Definitions of gad

  1. an anxiety disorder characterized by chronic free- floating anxiety and such symptoms as tension or sweating or trembling of light- headedness or irritability etc that has lasted for more than six months
  2. wander aimlessly in search of pleasure
  3. a sharp prod fixed to a rider's heel and used to urge a horse onward; " cowboys know not to squat with their spurs on"
  4. The point of a spear, or an arrowhead.
  5. A pointed or wedge- shaped instrument of metal, as a steel wedge used in mining, etc.
  6. A sharp- pointed rod; a goad.
  7. A spike on a gauntlet; a gadling.
  8. A wedge- shaped billet of iron or steel.
  9. A rod or stick, as a fishing rod, a measuring rod, or a rod used to drive cattle with.
  10. To walk about; to rove or go about, without purpose; hence, to run wild; to be uncontrolled.
  11. To go about without purpose.
  12. Gadder.
  13. Gadded.
  14. Gadding.
  15. A wedge of steel: a graver: a rod or stick: in old Scotch prisons a round bar of iron crossing the condemned cell horizontally at the height of about 6 inches from the floor, and strongly built into the wall at either end. The ankles of the prisoner sentenced to death were secured within shackles which were connected, by a chain about 4 feet long, with a large iron ring which travelled on the gad.
  16. To rove about restlessly, like cattle stung by the gadfly:- pr. p. gadding; pa. p. gadded.
  17. To ramble from place to place.
  18. To roam abroad; ramble; stray.
  19. A spike on the knuckle of a gauntlet; a goad; the point of a spear or arrow- head; a wedge or ingot of steel or iron; a punch of iron with a wooden handle, used by miners; a rod.
  20. To rove idly, or without any fixed purpose. Upon the gad, upon the spur of the moment.
  21. In mining, a pointed wedge of a peculiar form, used to break up the ore under ground; a graver.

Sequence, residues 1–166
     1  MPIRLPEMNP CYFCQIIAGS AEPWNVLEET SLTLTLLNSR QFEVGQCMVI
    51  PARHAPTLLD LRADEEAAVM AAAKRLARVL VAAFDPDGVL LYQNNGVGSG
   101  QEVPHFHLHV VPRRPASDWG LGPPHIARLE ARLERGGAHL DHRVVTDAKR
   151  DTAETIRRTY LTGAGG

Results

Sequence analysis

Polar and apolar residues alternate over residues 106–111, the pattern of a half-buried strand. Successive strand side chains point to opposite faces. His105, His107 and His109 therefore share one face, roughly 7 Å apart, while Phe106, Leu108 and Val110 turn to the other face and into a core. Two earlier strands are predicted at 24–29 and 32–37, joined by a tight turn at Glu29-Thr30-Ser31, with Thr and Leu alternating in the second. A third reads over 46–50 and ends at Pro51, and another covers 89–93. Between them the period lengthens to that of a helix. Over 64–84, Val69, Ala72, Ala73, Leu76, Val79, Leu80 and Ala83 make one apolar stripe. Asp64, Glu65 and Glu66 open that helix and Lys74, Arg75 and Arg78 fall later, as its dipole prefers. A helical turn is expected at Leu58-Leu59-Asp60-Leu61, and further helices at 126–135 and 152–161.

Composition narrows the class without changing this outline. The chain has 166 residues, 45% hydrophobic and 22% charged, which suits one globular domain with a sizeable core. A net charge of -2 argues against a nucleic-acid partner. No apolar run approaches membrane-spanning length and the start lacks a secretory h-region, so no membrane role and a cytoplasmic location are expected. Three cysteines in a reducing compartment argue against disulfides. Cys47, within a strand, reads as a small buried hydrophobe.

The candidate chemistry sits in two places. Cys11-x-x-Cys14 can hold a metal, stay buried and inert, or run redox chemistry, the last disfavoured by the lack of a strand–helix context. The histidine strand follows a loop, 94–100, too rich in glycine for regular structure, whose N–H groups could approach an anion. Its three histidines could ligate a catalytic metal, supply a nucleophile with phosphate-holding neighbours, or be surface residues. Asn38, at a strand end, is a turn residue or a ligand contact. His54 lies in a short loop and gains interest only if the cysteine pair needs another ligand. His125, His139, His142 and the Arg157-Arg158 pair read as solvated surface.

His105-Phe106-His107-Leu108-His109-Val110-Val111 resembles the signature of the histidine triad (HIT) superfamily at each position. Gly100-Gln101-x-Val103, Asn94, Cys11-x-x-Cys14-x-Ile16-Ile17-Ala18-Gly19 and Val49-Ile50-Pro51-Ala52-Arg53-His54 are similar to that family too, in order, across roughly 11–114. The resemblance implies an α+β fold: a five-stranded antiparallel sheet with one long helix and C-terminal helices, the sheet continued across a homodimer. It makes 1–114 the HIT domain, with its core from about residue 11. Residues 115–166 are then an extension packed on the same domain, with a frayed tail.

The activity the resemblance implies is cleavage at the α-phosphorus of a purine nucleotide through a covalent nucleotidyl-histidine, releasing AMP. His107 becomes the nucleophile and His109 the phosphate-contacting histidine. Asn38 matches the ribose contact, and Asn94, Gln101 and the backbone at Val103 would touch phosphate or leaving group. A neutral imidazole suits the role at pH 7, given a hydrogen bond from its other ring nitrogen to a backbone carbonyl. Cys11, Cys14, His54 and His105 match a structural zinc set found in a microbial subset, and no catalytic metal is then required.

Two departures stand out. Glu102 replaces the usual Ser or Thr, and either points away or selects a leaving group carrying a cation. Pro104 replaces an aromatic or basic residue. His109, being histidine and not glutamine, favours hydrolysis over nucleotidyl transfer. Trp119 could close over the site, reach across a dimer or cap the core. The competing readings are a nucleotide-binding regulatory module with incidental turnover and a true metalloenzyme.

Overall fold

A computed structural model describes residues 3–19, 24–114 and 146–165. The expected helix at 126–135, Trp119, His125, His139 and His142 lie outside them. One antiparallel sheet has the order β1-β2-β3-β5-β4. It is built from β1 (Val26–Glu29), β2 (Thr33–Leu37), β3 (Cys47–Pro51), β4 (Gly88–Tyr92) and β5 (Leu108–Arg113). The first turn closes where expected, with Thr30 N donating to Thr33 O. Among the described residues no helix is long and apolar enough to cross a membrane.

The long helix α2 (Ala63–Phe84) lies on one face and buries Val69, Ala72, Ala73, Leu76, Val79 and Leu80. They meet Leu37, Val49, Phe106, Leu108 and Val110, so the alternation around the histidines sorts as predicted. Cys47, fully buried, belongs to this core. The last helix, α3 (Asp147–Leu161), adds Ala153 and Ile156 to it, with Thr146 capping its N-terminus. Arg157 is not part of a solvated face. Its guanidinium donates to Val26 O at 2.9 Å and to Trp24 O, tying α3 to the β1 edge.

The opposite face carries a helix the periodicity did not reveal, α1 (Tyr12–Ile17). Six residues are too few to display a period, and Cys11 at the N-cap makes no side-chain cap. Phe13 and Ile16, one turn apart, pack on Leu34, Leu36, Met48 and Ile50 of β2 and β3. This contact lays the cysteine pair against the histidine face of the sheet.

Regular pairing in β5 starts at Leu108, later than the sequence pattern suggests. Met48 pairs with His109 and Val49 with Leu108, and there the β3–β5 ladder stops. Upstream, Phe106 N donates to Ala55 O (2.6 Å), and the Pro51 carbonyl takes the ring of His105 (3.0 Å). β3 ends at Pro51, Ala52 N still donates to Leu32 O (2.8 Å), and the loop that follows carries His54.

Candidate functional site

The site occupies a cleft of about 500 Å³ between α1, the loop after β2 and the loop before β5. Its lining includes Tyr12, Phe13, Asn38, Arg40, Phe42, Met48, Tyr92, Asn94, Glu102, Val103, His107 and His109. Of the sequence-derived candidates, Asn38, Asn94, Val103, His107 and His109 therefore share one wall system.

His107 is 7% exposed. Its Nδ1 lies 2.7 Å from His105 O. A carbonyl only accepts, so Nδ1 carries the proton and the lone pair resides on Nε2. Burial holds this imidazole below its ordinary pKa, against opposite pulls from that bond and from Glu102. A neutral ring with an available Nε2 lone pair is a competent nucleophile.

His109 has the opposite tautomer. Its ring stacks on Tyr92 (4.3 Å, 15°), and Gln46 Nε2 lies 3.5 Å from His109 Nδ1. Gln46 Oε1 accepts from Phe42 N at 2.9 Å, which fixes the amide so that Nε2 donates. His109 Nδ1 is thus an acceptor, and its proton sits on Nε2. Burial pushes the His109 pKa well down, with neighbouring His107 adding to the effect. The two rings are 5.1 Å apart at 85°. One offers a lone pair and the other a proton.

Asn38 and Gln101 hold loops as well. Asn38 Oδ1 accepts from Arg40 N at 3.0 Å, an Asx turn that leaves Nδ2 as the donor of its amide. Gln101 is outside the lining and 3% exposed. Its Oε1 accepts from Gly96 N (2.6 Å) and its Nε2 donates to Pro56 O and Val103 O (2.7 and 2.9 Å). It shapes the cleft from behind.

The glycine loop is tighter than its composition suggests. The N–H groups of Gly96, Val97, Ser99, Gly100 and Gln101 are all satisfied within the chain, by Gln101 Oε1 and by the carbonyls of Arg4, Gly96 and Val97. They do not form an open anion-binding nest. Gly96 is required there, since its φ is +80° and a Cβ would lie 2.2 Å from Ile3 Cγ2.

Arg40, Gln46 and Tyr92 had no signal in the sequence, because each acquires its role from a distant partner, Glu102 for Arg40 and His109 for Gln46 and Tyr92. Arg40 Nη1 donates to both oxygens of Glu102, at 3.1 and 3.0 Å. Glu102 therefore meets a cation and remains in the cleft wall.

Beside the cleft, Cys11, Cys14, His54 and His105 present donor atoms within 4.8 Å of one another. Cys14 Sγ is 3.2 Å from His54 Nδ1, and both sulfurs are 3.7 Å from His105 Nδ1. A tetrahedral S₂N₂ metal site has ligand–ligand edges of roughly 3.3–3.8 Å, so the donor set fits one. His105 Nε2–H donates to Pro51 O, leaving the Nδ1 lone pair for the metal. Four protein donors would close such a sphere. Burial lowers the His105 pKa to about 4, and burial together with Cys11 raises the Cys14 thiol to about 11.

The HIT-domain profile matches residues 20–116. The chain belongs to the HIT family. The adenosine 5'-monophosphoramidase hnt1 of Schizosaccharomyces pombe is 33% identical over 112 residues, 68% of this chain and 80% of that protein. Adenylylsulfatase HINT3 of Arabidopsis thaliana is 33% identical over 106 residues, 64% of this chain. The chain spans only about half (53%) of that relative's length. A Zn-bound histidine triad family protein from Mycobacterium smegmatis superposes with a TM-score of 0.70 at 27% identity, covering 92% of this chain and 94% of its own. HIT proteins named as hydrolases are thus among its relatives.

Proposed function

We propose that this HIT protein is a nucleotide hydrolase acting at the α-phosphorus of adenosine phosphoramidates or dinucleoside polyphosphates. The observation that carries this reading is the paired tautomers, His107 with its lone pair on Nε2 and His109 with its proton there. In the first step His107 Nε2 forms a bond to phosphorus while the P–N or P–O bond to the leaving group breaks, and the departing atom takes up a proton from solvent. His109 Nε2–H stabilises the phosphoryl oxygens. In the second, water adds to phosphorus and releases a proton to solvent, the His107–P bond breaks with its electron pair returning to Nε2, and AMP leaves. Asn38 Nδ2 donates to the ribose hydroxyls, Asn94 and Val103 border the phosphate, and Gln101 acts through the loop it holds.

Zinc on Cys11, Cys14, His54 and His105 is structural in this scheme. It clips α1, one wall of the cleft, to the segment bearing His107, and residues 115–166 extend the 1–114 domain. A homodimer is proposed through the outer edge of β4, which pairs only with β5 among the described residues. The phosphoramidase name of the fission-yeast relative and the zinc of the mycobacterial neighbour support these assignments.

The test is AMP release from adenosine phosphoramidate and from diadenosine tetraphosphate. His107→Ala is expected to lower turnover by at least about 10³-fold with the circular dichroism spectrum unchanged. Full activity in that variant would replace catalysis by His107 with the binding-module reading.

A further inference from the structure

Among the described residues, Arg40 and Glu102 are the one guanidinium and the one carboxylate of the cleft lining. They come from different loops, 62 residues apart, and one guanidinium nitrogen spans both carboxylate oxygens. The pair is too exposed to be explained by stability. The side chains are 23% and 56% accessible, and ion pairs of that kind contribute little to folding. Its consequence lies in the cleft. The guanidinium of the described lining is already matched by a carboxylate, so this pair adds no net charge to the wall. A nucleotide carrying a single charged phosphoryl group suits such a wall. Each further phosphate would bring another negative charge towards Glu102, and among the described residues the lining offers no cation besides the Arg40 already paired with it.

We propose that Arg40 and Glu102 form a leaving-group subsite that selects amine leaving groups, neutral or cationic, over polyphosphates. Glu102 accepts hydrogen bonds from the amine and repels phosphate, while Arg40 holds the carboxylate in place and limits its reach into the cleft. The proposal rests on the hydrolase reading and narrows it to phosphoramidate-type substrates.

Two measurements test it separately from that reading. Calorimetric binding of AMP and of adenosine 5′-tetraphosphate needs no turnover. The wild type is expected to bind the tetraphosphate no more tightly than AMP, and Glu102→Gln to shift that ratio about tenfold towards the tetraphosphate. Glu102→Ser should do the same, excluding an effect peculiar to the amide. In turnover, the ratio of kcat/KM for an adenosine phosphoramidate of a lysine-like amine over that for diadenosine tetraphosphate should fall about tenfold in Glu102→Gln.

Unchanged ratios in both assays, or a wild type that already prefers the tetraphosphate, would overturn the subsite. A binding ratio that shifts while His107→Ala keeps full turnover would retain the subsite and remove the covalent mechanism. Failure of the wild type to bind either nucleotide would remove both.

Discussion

22. To ramble about without any fixed purpose, as cattle flying from the attack of the gadfly.

Usage examples for gad

  1. " Gad, if it means all that, it'll be rather creditable to me," said Algernon. – The Complete Project Gutenberg Works of George Meredith by George Meredith
  2. Gad, man, what a magnificent scoundrel I shall make of you!" – A Woman Named Smith by Marie Conway Oemler
  3. By gad, I'll have another try at it- to- night. – The Hollow of Her Hand by George Barr McCutcheon
  4. Still, for all you've so gentle a soul, Gad, you've your flock in the grandest control, Checking the crazy ones, Coaxin' onaisy ones, Liftin' the lazy ones on wid the stick. – The Charm of Ireland by Burton Egbert Stevenson
  5. By Gad, it's true! – The Chronicles of Clovis by Saki
  6. Harry waved his gad. – The Cross-Cut by Courtney Ryley Cooper
  7. Gad, I wouldn't mind being a detective myself." – The Mystery of a Hansom Cab by Fergus Hume
  8. It's wonderful, and you deserve every credit- yes, ma'am, by Gad! – Caught in a Trap by John C. Hutcheson
  9. By gad, if all else failed, the bloomin' tub would turn turtle in the Pool. – The Captain of the Kansas by Louis Tracy
  10. Gad, don't ask what kind of women they are. – Castle Craneycrow by George Barr McCutcheon
  11. By gad, you've come out of it splendidly. – The Green Flag by Arthur Conan Doyle
  12. " Gad, you are clever," remarked the Cardinal. – The Chase of the Golden Plate by Jacques Futrelle
  13. " I vow to Gad," protested Mr. Falgate, advancing to the task. – The Lion's Skin by Rafael Sabatini
  14. We were great home- keepers, you and I. Never seemed to want to gad about, did we? – Mary Gray by Katharine Tynan
  15. This large animal was a good supply for the people, who quickly divided it and continued the march, until, having crossed another stream, we left the open prairie gad entered a low forest. – Ismailia by Samuel W. Baker
  16. By Gad, I like your nerve! – The Green Flag by Arthur Conan Doyle
  17. By Gad, you are going to have an interesting time." – The Case and The Girl by Randall Parrish
  18. Gad, I never knew what trouble meant until I struck Brussels. – Castle Craneycrow by George Barr McCutcheon